NEWARK’S ST. BENEDICT’S: Acts as aggressive charters imperil Catholic schools

Changes at St. Benedict’s Prep in Newark

Newark’s St. Benedict’s Preparatory School, for nearly 150 years an all-boys’ secondary school, is about to become what its headmaster calls a “pioneering” hybrid, expanding to include both elementary schooling and co-education–with girls admitted to its middle school division for the first time in its history.

 The upper division of the prep school–a 9th through 12th grade high school that has attracted national attention for success in educating inner-city young men–will remain all-boys. Its Middle Division–7th and 8th grades–will enroll both boys and girls. Previously, the middle school–which dates back to the 1970s–had enrolled only boys.

“We will be developing separate leadership and extracurricular activities for girls in the middle division,” explained Rev. Edwin Leahy, OSB, a St. Benedict’s alumnus who has been the school’s headmaster since 1973. “We are now shaping how that will happen.”

Rev. Edwin Leahy, OSB

 St. Benedict’s also will now operate a co-educational K-6 elementary school.

 In some ways, the changes are more form than substance. For years, St. Mary School, an archdiocesan elementary school–and one of the largest Nigerian-American parishes in the nation–operated out of facilities owned by the Benedictine Abbey, the monastery that owns and operates St. Benedict’s Prep. Two years ago, the abbey assumed control of  St. Mary School from the archdiocese.

 The new model formalizes that relationship and gives the combined elementary and secondary schools a new name–or, a new old name, really: St. Benedict’s Preparatory School. Girls in the 7th and 8th grades already attend St. Mary’s School with boys but,. now, boys and girls in those grades will be attending the middle division of St. Benedict’s Preparatory School.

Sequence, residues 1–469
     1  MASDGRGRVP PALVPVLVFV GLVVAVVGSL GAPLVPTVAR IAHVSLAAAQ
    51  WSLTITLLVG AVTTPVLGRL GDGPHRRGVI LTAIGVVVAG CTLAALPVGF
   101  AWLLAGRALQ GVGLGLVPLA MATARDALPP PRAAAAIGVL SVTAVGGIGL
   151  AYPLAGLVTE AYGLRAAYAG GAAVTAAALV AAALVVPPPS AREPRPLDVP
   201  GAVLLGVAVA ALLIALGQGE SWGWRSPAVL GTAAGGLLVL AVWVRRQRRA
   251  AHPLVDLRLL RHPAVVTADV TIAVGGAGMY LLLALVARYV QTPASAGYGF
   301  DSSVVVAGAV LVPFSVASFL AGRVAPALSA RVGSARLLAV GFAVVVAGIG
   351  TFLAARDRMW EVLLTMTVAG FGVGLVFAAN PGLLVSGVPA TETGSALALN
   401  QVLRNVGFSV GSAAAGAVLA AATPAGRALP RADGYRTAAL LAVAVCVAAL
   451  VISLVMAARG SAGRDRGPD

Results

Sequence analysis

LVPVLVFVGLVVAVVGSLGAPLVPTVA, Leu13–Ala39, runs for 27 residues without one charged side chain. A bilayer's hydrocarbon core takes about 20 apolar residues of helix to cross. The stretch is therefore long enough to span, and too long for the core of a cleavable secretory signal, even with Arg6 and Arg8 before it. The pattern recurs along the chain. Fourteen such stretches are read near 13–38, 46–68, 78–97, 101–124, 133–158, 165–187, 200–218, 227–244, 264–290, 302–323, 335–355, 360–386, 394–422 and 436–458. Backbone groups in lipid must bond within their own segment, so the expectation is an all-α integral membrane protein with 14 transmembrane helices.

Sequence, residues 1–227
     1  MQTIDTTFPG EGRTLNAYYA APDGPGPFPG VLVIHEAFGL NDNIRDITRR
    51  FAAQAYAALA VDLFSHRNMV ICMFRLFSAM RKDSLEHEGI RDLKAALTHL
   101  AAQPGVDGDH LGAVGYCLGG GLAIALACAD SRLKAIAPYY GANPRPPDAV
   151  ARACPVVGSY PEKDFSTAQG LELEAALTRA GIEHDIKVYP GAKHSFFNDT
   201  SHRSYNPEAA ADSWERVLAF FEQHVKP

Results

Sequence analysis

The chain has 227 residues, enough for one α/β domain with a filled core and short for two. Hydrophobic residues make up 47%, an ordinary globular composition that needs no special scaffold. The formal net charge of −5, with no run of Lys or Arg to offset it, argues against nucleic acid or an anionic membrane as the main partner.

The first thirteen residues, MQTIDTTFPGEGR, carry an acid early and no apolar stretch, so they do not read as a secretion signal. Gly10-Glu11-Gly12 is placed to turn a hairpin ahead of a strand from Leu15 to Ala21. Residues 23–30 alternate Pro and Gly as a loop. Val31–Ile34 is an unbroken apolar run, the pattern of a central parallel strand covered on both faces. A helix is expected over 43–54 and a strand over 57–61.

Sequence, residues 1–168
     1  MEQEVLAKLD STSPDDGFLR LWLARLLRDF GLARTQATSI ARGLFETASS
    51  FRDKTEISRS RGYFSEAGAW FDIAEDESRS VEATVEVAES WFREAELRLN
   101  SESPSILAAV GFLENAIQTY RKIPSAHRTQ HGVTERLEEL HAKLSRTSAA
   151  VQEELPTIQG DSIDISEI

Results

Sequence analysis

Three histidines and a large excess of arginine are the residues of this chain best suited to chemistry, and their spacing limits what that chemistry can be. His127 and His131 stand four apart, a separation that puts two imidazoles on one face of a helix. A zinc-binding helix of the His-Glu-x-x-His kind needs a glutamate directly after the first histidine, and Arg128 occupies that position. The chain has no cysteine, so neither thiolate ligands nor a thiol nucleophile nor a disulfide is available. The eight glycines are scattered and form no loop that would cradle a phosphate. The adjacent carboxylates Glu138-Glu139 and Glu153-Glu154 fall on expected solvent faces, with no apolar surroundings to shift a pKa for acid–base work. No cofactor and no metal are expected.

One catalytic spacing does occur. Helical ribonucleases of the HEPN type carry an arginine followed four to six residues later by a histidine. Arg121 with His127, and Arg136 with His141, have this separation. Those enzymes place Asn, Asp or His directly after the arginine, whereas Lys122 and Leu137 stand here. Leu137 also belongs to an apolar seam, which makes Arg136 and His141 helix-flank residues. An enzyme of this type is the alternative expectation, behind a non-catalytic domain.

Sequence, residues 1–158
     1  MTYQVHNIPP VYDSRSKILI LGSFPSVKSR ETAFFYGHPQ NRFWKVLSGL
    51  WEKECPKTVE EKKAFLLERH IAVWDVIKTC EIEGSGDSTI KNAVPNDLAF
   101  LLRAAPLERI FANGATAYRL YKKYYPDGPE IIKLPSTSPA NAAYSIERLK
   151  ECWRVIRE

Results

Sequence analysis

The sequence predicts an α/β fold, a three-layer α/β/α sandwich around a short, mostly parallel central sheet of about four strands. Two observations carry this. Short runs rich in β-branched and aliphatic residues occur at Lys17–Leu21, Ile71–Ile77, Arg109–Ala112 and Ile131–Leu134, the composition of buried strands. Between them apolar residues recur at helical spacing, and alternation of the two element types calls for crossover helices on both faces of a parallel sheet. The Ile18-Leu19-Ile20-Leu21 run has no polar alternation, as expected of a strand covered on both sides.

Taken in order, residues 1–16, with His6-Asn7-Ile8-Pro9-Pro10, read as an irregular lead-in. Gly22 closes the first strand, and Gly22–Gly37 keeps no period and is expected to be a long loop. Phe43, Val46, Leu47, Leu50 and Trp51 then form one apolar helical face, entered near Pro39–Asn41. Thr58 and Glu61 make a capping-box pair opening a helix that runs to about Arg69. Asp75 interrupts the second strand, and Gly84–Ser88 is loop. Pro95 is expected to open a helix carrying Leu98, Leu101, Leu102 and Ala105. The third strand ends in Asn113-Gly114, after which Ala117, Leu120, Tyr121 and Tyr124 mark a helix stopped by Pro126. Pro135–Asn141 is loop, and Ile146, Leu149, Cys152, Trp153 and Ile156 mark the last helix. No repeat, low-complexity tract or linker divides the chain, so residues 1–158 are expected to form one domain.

Father Edwin said he hopes the school will expand its relationships with two all-girls high schools–nearby St. Vincent Academy, where many St. Mary School graduates have attended after graduation, and Benedictine Academy in Elizabeth. Benedictine also has accepted St. Mary’s graduates and, like St. Benedict’s, is run by the Benedictine order of Roman Catholic religious.

The announcement of the “new model” also reflects a new reality for Catholic elementary education–the disappearance of parochial schools in the face of aggressively expanding charter schools. Although publicly funded, charter schools are privately operated and often use selective admissions procedures and are free to expel students.

In Newark, nearly half of all school children will be attending the privatized charter schools–thanks primarily to an aggressive political campaign spearheaded by Gov. Chris Christie and former Newark Mayor Cory Booker (now a US senator) . A score or more of traditional public schools have closed because of the politically-driven expansion of charter schools, but the impact on Catholic schools has been far worse.

 “There as a time when practically every block had a parochial school,” says Father Edwin. “Now there are only three left in the entire city.”

 The new model at St. Benedict’s, says Father Edwin, provides the newly-renamed school “a meaningful way of marketing itself in the face of competition from the charter schools.”

Historically, St. Benedict’s Preparatory School–while maintaining tuition and selective admissions and academic standards–has provided substantial financial aid and has used its standards to ensure students who can succeed at the school, will. A number of charter schools–including the largest chains operating in Newark–shed many students  after admission but before graduation.